Wherever deadlines, deliverables, and metrics exist, we will experience impatience from time to time. Sometimes clients, supervisors, or board members will be impatient with us or our work, and sometimes we will simply feel impatient with them, with ourselves, or with some part of the process we do not have total control over.
Business systems and projects are marked and measured by time, starting with the hours we work every day and extending into longer chunks, quarters and years, project timelines and launch dates. Organizing by the clock and the calendar are useful tools, but this way of measuring can often generate pressure to work faster, or make us anxious to reach the next milestone, especially when it’s something important to us.
But does impatience help us? More often than not, it brings our mood down and compromises our work and our communication with others. Like other forms of anxiety, it pulls us out of the present moment, and when we are speculating about the future or believing we’re behind schedule or simply not fast enough, we think less clearly and make unnecessary mistakes. We may even freeze. We’re less creative in general, and less able to focus.
Whether you work for a large or small company, as a consultant, or for yourself, learning to be patient with yourself and with others is a process of accepting and getting comfortable with the unknown, and with a certain lack of control. There are many things we can control, prevent, predict, and solve for, but the conditions of our work are increasingly unpredictable, and there seem to be more and more new challenges, variables, and people throwing monkey wrenches into our best laid plans. The reality is that we have less control than we think we do, and that fact can be unsettling.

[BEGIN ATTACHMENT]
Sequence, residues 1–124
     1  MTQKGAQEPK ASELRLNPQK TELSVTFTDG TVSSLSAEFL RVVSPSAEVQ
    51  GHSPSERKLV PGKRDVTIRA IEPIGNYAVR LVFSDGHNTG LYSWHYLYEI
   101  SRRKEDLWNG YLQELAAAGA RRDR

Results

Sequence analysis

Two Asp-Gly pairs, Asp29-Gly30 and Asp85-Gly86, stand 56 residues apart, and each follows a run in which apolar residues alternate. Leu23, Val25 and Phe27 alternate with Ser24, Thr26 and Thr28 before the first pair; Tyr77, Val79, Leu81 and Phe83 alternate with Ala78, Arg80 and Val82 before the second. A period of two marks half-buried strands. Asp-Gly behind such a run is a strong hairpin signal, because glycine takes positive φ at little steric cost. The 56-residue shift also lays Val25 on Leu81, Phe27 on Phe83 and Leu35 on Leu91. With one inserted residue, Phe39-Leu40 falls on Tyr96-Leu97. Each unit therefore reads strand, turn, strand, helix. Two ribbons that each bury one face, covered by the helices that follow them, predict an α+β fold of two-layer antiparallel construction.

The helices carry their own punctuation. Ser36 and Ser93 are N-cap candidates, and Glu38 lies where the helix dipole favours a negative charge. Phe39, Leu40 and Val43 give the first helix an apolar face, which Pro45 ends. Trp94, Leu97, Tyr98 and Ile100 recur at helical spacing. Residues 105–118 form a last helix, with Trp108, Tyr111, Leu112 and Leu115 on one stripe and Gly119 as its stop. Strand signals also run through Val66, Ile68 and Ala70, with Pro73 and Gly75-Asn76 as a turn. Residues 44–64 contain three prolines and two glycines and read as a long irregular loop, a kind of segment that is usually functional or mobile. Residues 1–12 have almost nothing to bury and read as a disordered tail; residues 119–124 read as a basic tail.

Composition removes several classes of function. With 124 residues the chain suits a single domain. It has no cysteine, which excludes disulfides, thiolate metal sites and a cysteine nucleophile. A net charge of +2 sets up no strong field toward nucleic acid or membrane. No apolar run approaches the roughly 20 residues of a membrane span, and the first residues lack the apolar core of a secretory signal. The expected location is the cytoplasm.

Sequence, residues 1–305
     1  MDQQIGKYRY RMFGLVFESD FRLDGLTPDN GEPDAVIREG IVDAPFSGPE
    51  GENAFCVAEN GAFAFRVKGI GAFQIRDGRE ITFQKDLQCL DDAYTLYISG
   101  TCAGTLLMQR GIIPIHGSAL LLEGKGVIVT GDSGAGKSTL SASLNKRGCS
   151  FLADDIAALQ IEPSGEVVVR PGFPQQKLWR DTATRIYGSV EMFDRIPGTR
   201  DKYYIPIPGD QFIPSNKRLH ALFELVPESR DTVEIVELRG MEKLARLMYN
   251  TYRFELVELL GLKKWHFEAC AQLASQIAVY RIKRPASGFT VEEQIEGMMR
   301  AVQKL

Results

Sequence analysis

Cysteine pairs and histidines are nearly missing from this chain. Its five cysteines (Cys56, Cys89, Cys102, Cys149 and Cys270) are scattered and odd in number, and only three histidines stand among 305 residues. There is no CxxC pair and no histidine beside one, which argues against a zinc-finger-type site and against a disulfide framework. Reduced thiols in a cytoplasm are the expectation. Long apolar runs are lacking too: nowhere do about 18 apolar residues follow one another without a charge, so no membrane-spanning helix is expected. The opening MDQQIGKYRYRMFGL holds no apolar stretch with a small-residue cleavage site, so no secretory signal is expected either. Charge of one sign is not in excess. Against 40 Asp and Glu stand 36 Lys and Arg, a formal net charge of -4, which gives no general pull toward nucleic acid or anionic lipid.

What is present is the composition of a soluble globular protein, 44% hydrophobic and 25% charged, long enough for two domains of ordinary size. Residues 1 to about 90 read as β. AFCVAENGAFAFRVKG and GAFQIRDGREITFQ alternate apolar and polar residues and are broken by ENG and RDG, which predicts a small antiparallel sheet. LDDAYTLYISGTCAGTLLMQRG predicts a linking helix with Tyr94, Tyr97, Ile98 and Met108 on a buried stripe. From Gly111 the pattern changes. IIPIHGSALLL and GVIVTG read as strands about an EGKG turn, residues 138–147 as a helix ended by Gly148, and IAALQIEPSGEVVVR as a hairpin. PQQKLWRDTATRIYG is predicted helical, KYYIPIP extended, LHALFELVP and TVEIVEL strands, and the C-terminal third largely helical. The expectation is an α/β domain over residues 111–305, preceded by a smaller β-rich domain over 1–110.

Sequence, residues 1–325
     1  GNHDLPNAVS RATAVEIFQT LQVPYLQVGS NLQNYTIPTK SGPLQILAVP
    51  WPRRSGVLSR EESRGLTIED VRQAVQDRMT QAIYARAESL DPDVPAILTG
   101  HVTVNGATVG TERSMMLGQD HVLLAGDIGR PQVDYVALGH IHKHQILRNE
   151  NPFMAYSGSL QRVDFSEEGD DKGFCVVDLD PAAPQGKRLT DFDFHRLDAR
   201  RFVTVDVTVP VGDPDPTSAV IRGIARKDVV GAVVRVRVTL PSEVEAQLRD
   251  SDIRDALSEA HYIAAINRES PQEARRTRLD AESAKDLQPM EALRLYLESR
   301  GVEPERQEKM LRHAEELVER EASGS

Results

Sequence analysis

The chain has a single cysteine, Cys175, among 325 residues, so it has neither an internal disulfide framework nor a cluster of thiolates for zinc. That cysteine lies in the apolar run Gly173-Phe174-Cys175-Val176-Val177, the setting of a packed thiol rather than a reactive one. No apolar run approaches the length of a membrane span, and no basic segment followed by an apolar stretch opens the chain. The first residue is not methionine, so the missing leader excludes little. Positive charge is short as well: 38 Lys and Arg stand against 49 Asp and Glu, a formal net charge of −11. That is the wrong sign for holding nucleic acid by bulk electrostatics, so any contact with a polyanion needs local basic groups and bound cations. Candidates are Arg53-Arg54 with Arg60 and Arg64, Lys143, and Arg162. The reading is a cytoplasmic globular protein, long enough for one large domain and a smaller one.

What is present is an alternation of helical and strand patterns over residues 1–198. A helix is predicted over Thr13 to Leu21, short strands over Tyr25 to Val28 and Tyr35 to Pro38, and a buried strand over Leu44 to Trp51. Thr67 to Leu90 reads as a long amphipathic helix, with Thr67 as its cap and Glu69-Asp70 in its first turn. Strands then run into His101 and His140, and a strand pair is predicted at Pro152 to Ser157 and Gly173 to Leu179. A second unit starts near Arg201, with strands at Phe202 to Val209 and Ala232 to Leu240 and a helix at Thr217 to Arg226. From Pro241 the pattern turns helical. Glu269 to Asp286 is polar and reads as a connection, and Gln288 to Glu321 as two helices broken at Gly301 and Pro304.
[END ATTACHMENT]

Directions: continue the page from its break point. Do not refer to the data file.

To support the illusion of control, we want to believe we can make things happen in a certain time frame, which is usually faster than what we observe or faster than what would actually be realistic. Sometimes pressure comes from clients, supervisors, or boards, but we can also pressure ourselves from within. We have the ability to imagine the future, and so we feel the gap between our vision and our achievement very keenly. Patience asks us to stand in that gap, and to withhold judgement of how much time it takes to get something done well. Here are some suggestions to let go of impatience and stay present with where things are today:
How urgent is the request, task, or event that is triggering your feelings of impatience? Can it safely wait another day or another week? What truly needs your attention now? What part of the project is under your control? What can you act on now? Whatever you choose, give it your full attention.
Accept the Unknown
There are times you will simply not know how long something will take. You may be waiting for your boss to get back to you with an approval, or you may be troubleshooting code or cold-calling potential customers. Impatience often creeps in with thoughts such as, “I should know how long this will take, I should be able to do this in the time I have decided, but I don’t, or I can’t! But I should! But I can’t, but I should, etc.” There remains an element of unknown in the timing of our work, as much as we try to divide it into neat little boxes. Shut down the looping shoulds and you have conquered impatience. Here’s your internal shut-down script: “I don’t know. It’s ok that I don’t know. I’ll keep doing the best I can.”
Trust the Process
Another way of thinking about the quality of patience is trusting the process. When you actively choose to trust the process and the people involved in it, you are relinquishing the desire for individual, personal control. Trusting the process is you seeing yourself not as an individual, but as part of a collective of people working together for the same goal. The larger our collective, the less individual control we have. Collective time may appear to be slower than individual time, but it may also be necessary in ways that are difficult to see from your individual perspective. Trust also means believing that you or your company will be ok, even if something takes longer than you would like it to.